Jesse L. Carr, an eminent pathologist of San Francisco, testified that he did not think this man had a spontaneous heart attack; that the disease as described by the autopsy surgeon was not sufficient for him to have died from a heart disease; and that except for the beating decedent would be alive. [102 Cal. App. 2d 648]

Appellant Cayer argues that the most the evidence shows is involuntary manslaughter. He claims he could not legally be held for second degree murder because the attack on the decedent amounted to only an assault and battery, which is a misdemeanor and not a felony. Citing section 192 of the Penal Code, Cayer suggests that this court reduce the judgment to manslaughter. In this Cayer's argument would be controlling were it not for the fact that under section 192 the offense could not be manslaughter if there was "malice." Section 188 of the Penal Code provides that such malice (malice aforethought) may be express or implied; that it is implied when no considerable provocation appears, or when the circumstances attending the killing show an abandoned and malignant heart.

In People v. Bender, 27 Cal. 2d 164, 180 [163 P.2d 8], the court said:

" 'Murder,' says the Penal Code (§ 187), 'is the unlawful killing of a human being, with malice aforethought.'

"Thus 'malice aforethought' is made an essential element of the crime of murder whether it be of the first degree or of the second degree. 'Such malice may be express or implied. It is express when there is manifested a deliberate intention unlawfully to take away the life of a fellow-creature. It is implied, when no considerable provocation appears, or when the circumstances attending the killing show an abandoned and malignant heart.' (Pen. Code, § 188.)

" 'The words "malice" and "maliciously" import a wish to vex, annoy, or injure another person, or an intent to do a wrongful act, established either by proof or presumption of law' (Pen. Code, § 7, subd. 4) but they do not, at least insofar as implied malice is concerned, require a preexisting hatred or enmity toward the individual injured."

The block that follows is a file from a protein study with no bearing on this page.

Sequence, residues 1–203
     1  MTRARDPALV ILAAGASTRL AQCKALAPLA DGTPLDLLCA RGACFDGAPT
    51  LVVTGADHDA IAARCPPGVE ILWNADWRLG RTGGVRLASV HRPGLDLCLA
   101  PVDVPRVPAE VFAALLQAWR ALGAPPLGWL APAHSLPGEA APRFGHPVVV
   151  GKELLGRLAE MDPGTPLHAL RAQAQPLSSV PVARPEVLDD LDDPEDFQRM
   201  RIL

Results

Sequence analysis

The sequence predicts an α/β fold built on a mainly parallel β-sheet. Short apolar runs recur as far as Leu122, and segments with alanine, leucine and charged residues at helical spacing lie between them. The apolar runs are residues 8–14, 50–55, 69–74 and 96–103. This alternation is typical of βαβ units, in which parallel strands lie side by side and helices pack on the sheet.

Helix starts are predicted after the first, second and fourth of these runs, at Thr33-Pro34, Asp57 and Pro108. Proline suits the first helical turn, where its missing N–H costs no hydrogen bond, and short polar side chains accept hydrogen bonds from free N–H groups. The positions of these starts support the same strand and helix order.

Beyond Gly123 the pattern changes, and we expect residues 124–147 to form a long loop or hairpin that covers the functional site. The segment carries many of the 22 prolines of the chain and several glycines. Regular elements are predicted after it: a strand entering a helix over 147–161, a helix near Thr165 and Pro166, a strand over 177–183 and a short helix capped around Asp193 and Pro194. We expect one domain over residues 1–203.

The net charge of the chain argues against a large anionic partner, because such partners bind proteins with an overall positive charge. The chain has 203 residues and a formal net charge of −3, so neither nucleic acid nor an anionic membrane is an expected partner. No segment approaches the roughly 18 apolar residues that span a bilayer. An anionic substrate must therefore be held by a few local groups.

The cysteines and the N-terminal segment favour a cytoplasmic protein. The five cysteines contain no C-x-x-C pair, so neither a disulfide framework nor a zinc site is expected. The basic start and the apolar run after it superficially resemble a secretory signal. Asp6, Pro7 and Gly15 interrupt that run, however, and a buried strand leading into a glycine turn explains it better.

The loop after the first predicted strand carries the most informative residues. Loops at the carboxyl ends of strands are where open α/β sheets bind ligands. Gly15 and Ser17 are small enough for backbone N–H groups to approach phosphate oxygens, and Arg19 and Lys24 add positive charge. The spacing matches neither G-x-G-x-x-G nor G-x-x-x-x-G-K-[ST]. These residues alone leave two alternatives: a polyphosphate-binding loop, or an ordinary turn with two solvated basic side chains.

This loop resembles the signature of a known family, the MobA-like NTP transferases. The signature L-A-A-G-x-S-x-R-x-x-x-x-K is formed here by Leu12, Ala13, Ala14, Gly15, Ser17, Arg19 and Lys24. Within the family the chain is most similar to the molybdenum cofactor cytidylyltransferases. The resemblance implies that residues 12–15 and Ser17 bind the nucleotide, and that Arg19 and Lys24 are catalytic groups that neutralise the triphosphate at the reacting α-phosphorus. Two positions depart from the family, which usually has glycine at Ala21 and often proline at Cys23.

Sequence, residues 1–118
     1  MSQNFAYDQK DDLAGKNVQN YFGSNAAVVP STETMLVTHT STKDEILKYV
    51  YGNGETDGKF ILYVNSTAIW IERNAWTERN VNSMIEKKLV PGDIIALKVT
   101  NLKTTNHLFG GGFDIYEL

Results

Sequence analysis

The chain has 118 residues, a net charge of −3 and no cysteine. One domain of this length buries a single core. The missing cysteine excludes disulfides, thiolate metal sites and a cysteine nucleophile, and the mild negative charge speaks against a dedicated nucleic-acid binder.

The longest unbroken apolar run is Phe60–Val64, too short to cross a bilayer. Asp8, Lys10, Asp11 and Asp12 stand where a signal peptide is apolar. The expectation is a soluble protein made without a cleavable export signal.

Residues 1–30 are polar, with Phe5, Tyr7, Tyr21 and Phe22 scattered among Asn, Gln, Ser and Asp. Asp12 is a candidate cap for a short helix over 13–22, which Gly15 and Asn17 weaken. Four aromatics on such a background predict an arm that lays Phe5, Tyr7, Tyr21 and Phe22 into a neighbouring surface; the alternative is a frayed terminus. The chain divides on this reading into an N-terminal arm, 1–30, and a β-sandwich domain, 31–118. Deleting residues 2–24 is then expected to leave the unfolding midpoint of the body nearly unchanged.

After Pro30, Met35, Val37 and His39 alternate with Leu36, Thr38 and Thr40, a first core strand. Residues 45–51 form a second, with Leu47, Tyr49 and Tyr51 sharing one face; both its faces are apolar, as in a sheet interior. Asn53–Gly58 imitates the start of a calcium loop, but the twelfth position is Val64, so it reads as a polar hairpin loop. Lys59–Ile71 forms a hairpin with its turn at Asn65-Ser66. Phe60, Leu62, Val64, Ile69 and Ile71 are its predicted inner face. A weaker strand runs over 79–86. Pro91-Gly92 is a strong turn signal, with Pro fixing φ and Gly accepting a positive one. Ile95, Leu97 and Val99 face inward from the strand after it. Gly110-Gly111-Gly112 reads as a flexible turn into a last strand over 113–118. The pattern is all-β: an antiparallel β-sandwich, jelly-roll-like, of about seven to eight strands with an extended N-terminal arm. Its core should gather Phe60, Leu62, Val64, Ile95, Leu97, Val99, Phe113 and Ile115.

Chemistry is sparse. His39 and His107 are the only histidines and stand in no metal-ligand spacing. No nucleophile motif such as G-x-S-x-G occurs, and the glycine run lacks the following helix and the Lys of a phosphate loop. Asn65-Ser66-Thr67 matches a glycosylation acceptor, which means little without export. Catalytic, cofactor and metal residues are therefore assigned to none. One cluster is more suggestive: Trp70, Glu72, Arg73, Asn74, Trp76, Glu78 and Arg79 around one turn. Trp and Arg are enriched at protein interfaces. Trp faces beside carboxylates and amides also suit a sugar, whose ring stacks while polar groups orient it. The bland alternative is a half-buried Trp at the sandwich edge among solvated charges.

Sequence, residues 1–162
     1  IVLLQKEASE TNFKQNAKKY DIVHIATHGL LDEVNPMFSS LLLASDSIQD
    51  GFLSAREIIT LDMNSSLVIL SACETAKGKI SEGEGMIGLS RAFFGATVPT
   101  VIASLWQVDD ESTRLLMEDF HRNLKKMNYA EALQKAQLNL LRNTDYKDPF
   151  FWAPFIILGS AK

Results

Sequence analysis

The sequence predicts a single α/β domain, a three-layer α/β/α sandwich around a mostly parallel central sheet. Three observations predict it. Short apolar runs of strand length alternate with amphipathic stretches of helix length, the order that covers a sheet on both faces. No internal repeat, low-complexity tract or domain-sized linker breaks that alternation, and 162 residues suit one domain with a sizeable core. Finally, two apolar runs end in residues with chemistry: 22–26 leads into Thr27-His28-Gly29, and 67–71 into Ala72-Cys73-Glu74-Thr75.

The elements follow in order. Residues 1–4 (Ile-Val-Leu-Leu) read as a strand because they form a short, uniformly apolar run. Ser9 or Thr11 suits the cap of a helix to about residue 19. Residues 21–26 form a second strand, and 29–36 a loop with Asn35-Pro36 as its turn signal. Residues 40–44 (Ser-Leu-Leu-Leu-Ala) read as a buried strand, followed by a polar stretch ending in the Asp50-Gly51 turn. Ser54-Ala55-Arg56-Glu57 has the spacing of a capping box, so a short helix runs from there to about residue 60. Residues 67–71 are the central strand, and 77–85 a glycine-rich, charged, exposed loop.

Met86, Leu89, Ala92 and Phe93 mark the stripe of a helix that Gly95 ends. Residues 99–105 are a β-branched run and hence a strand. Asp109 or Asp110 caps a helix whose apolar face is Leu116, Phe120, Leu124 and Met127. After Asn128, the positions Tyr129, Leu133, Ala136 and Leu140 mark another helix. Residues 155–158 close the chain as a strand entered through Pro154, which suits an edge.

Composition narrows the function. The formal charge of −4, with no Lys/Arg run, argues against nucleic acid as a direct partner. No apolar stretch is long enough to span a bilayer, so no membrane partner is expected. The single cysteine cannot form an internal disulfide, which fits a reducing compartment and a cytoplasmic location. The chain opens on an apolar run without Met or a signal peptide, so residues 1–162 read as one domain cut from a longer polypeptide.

Cayer relies mainly upon People v. Munn, 65 Cal. 211, 213 [3 P. 650], in which Munn's conviction of murder of the second degree for the death of the victim following a fist fight was reversed. But the court there said:

"If the means employed be not dangerous to life, or, in other words, if the blows causing death are inflicted with the fist, and there are no aggravating circumstances, the law will not raise the implication of malice aforethought, which must exist to make the crime murder. The distinguishing characteristic respecting the two crimes of murder and manslaughter is malice. Without the presence of this element of malice the [102 Cal. App. 2d 649] crime does not reach the higher degree of murder, but amounts simply to manslaughter." (Italics added.)

Cayer also cites People v. Murat, 45 Cal. 281, People v. Denomme, 6 Cal.Unrep. 227 [56 P. 98], People v. Mullen, 7 Cal. App. 547 [94 P. 867], People v. Miller, 114 Cal. App. 293 [299 P. 742], and People v. Slater, 60 Cal. App. 2d 358 [140 P.2d 846]. But in the Murat case the verdict was guilty of an assault with a deadly weapon when no weapon was shown to have been used. In the Denomme case the defendant was found guilty of manslaughter only. In the Mullen case the charge was manslaughter; malice did not enter into the case. In the Miller case defendant was convicted of manslaughter only, and malice did not enter into it. In the Slater case the existence of or lack of malice was apparently not considered; also there was a vigorous dissent from the reduction of the degree of the crime to manslaughter.